The hero thing mainly comes through results. If you are constantly delivering then you will be well regarded from above and, if you ensure that your team get the glory, or at least share the rewards, then flowers will be lain in your path. Or not, because any success you enjoy will bring about jealousy from some of your less enlightened peers and they, along with anyone above you in the hierarchy who is also none too secure will see you as a villain. They will feel threatened and it is no use trying to present that they won’t because it is a fact of life that in any organisation there will be some who react that way.

If you are at the top of the tree then you can set the agenda for your organisation and one of the first things that you should be doing as a leader is to establish the right kind of culture, but for most people they can only do that within their own team and hope that others see the benefit and follow your lead.

Jealousy and fear are emotions that are common throughout the animal world and is not just confined to us humans. It is unlikely that we can ever change so what needs to be done is to try and avoid the things that trigger them. You can’t hide success, and you shouldn’t, but don’t ram it down other people’s throats: A little humility goes a long way. Being open with your peers about how you do things can also help, not least because if they can use some of your methods to help themselves the the organisation that you all work for benefits too.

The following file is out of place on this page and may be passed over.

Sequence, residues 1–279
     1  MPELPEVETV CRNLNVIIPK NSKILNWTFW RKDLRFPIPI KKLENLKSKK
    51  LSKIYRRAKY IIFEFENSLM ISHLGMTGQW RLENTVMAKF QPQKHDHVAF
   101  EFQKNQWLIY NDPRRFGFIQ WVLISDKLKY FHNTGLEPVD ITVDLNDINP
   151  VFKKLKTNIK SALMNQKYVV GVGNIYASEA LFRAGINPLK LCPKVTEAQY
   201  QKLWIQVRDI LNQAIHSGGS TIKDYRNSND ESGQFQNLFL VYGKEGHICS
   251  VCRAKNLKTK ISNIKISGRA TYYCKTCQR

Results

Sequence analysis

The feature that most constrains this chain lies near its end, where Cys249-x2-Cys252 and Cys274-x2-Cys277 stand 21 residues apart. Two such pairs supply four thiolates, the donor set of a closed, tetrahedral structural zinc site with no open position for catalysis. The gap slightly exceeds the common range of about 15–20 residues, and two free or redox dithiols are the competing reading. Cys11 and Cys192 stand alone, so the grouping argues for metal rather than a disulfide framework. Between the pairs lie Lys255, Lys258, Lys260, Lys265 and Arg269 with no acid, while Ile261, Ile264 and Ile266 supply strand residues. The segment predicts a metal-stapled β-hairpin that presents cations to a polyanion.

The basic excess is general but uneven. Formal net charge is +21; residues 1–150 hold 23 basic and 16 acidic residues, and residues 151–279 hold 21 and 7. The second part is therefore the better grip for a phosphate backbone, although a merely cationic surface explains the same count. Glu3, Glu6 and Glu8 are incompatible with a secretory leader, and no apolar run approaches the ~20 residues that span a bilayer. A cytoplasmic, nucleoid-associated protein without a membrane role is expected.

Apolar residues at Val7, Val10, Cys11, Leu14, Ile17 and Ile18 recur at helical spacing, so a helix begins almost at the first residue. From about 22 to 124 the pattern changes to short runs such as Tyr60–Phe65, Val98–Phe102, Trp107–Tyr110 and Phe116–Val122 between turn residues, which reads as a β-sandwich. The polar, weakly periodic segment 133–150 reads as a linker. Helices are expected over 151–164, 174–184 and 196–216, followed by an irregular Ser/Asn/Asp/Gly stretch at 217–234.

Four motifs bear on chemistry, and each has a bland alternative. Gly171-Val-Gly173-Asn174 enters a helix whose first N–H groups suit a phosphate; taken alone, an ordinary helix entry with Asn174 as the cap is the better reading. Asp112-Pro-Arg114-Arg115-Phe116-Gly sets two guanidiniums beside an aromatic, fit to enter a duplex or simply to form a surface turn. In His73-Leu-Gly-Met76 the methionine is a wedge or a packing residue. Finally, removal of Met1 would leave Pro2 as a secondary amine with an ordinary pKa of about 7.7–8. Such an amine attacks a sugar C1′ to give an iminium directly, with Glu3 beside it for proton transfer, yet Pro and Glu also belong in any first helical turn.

Fear is harder to cope with because it can be even less rational than jealousy. If you are more successful than a colleague then they may fear for their job. Again, sharing what you do and how you do it might help, if nothing else it shows that you want to be on their side and not a threat to them. The fear factor can also apply to your boss as I have found more than once. There is nothing wrong with having one of your team who can run rings around you in some aspect of work; you should want people who are better than you working for you, but not everyone can cope with that. My approach has been to always be open about what I am doing and, when I get the chance to talk to the next person up the line, to say how supportive my boss is and how much that contributes to any success coming my way. Taking the threat away as much as I can.